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Collection: Vital Climate Change Graphics for Latin America and ...

Vital Climate Change Graphics for Latin America and the Caribbean (2010)Vital Climate Change Graphics for Latin America and the Caribbean (2010)
Climate change – its causes, its global consequences and the magnitude of its expected effects on both ecosystems and human activities – will be one of the greatest challenges of this century. It will significantly alter current patterns of production, distribution and consumption, as well as the overall lifestyles of modern societies.
Available online at: http://www.grida.no/publications/vg/lac2
Official Development Assistance Official Development Assistance
In addition to funds specifically for CDM projects, another source of funds for developing countries facing climate change are those designated as Official Development Assistance (ODA). Between 2000 and 2007, the region of Latin America and the Caribbean received 8.5% of these funds. One category of these resources is directed at providing development assistance that targets the objectives of the three Rio Conventions: the United Nations Conventi...
22 Nov 2010 - by Riccardo Pravettoni, UNEP/GRID-Arendal
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Methane (CH4) and nitrous oxide (N2O) emissions in Latin America and the Caribbean Methane (CH4) and nitrous oxide (N2O) emissions in Latin America and the Caribbean
In addition to carbon dioxide (CO2), other greenhouse gasses that play an important role in the region are methane (CH4) and nitrous oxide (N2O). These gasses are produced primarily in the sectors of waste management, mining, industrial processes, and in the production and distribution of natural gas, petroleum and agricultural products. Among the region’s countries, Brazil is the highest emitter of both methane and nitrous oxide. Other countries...
22 Nov 2010 - by Riccardo Pravettoni, UNEP/GRID-Arendal
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Summary of climate change patterns projected for 2100 in Latin America and the Caribbean Summary of climate change patterns projected for 2100 in Latin America and the Caribbean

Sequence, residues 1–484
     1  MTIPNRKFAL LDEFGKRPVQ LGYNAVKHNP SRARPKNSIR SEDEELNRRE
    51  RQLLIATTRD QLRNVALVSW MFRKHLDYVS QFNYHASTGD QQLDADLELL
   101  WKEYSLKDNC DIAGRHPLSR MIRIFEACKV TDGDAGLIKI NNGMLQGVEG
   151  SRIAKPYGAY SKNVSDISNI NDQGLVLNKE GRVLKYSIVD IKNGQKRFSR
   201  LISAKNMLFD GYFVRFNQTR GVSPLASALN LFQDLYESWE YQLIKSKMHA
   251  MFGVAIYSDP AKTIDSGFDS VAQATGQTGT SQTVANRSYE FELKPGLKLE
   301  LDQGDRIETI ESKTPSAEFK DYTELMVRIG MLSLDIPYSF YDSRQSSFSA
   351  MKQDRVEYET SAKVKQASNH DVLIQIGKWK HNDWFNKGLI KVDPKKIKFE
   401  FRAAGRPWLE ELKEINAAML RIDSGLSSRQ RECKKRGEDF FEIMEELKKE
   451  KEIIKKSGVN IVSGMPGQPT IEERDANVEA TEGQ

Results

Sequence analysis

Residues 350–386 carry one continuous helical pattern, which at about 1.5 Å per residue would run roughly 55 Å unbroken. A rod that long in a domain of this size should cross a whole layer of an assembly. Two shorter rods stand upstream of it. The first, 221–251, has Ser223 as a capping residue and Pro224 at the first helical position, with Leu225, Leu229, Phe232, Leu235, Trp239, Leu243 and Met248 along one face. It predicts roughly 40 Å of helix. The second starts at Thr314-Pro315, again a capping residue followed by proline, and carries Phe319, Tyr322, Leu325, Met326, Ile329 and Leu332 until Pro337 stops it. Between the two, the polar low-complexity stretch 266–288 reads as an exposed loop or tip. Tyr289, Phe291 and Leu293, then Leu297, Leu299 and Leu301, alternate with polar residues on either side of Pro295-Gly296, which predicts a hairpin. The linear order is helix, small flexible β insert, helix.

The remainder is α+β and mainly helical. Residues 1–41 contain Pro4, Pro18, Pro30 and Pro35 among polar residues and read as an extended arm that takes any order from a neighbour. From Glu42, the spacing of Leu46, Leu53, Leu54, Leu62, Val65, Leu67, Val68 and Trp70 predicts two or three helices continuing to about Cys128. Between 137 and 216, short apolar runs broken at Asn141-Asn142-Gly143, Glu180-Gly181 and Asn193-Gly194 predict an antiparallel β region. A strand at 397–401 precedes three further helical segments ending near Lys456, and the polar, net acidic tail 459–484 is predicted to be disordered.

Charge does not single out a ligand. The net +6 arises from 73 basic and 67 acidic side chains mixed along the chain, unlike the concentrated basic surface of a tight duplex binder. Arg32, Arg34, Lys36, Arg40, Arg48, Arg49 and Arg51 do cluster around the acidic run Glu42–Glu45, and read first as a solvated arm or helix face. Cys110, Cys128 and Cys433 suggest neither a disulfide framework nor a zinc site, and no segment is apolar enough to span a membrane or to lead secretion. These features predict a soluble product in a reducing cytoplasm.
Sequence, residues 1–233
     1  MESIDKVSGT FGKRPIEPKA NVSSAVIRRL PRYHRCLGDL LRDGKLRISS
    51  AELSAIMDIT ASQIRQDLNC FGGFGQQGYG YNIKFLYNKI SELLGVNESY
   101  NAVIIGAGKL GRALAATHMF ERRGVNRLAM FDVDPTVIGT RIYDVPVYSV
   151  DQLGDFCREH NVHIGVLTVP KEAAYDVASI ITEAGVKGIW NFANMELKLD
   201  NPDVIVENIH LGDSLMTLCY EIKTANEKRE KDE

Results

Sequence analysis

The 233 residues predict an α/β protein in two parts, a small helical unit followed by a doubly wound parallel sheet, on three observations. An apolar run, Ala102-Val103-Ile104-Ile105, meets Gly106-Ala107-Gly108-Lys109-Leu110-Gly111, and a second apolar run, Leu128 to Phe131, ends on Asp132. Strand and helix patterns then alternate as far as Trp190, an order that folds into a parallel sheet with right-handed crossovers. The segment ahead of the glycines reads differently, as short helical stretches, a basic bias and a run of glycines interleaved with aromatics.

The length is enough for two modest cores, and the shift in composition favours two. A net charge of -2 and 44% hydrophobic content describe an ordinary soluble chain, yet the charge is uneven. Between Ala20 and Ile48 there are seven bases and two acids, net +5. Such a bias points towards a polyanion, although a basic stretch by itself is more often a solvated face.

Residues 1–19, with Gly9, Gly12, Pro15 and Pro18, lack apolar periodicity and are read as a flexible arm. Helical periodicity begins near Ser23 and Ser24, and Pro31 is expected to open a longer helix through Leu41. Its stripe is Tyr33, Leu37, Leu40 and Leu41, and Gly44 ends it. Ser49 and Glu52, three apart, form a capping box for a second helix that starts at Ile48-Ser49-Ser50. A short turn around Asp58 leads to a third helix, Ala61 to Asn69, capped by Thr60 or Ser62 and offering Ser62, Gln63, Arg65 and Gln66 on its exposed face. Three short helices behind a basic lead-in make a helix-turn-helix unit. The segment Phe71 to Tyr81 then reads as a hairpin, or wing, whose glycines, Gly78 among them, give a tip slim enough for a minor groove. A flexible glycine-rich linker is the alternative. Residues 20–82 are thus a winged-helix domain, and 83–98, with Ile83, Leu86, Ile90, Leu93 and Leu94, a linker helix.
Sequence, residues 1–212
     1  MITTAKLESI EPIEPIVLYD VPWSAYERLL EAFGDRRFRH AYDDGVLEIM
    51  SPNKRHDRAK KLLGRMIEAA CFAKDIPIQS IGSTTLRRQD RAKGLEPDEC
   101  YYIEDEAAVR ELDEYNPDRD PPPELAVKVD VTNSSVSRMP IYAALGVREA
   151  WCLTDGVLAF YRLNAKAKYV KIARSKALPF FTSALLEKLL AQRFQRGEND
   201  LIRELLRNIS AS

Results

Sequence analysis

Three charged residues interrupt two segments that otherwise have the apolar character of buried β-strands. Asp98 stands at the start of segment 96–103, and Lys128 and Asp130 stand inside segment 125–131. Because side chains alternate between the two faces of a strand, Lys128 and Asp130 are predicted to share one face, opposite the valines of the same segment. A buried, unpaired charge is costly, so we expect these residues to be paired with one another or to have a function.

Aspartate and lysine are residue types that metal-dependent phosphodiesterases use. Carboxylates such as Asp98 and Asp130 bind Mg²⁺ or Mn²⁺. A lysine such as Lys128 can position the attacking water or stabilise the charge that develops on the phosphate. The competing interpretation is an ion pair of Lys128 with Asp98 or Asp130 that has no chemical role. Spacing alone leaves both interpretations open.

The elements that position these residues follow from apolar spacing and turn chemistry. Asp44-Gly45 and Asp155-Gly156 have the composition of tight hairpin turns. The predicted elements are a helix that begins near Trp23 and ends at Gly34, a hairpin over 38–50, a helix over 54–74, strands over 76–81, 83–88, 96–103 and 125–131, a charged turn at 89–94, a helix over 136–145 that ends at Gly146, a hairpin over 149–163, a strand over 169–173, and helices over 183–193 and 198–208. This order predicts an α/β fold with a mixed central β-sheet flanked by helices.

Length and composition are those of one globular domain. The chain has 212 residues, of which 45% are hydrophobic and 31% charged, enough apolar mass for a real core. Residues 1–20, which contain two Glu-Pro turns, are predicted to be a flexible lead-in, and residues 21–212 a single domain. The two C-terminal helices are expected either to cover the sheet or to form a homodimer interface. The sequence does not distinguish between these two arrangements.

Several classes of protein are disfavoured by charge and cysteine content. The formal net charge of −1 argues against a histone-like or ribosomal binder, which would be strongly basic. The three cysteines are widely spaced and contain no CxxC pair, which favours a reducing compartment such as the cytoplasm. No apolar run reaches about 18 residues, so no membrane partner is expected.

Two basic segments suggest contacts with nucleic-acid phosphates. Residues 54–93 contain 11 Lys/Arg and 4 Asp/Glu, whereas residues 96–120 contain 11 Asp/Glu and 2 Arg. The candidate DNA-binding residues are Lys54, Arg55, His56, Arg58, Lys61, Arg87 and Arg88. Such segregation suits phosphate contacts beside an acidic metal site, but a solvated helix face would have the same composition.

Regional climate change patterns projected for the end of the century indicate that the Central American and Caribbean sub-regions will experience an increase in the intensity of hurricanes, along with a reduction in precipitation and a corresponding series of droughts. In Colombia, Ecuador, Peru, the Plurinational State of Bolivia, Chile and Argentina, glaciers will continue to shrink, while countries with coasts on the Pacific and Atlantic Ocea...
22 Nov 2010 - by Nieves López Izquierdo, Associate Consultant UNEP/GRID-Arendal
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Share of greenhouse gas emissions of Latin America and the Caribbean, 2005 Share of greenhouse gas emissions of Latin America and the Caribbean, 2005
Data on carbon dioxide emissions makes it possible to identify the main emitting countries within Latin America and the Caribbean. Chief among the emitters is Brazil, accounting for 52%, which together with Mexico, the Bolivarian Republic of Venezuela and Argentina accounted for 79% of the total greenhouse gas emissions of the region in 2005. While specific percentages (excluding emissions associated with land use changes) vary, these four countr...
22 Nov 2010 - by Nieves López Izquierdo, Associate Consultant UNEP/GRID-Arendal
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Energy supply in Latin America Energy supply in Latin America
Although 70% of South America’s electricity comes from hydroelectric sources, the situation in Central America and the Caribbean is quite different. In these two regions electric-power generation rely predominantly on fossil fuels. For Latin America and the Caribbean overall, fossil fuels (primarily oil and natural gas) continued to be the most important source (76%) for producing energy in the year 2007. Of the energy produced in the region, onl...
22 Nov 2010 - by Riccardo Pravettoni, UNEP/GRID-Arendal
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Mean changes in runoff Mean changes in runoff
Changes in precipitation and temperature influence changes in runoff and the availability of water. Results from models of changes in runoff are consistent with predictions for precipitation. For 2090-2099, in areas for which increases in the rainfall regimen are expected, increases in runoff are also projected. The anticipated changes in runoff are based on the A1B climate change scenario which assumes future rapid demographic and economic growt...
22 Nov 2010 - by Nieves López Izquierdo, Associate Consultant UNEP/GRID-Arendal
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Warming of the earth's surface Warming of the earth's surface
Climate projections for Latin America and the Caribbean indicate that temperature increases will vary according to the particular emissions scenario and country or region concerned. According to the A1B climate change scenario (this scenario assumes future rapid demographic and economic growth, introduction of new and more efficient technologies, accompanied by a balanced use of all types of energy sources) regional increases this century are pro...
22 Nov 2010 - by Nieves López Izquierdo, Associate Consultant UNEP/GRID-Arendal
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